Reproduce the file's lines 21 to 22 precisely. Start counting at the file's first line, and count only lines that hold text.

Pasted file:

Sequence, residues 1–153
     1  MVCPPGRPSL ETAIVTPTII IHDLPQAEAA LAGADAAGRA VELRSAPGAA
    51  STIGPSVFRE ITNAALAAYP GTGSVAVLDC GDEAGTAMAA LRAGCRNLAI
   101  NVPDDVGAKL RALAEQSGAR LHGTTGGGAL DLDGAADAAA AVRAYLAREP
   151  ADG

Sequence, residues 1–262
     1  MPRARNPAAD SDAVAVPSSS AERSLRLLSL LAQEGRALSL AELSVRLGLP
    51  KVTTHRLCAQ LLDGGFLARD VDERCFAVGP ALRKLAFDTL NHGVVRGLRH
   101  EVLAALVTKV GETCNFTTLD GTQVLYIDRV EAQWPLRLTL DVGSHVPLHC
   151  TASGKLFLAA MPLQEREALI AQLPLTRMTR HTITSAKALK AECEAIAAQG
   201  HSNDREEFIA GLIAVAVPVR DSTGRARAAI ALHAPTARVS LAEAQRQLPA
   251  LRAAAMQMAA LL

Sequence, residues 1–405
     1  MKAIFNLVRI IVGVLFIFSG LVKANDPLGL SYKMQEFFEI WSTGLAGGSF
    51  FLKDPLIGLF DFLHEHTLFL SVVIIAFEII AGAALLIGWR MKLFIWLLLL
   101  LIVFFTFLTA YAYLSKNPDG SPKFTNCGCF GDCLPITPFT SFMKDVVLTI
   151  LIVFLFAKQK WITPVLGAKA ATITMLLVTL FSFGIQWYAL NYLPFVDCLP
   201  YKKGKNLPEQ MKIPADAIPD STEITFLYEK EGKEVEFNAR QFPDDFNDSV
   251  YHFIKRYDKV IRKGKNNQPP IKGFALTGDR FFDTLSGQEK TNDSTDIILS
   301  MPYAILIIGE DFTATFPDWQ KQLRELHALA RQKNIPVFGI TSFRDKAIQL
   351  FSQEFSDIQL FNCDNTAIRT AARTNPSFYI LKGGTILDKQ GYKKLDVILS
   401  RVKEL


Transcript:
   351  FSQEFSDIQL FNCDNTAIRT AARTNPSFYI LKGGTILDKQ GYKKLDVILS
   401  RVKEL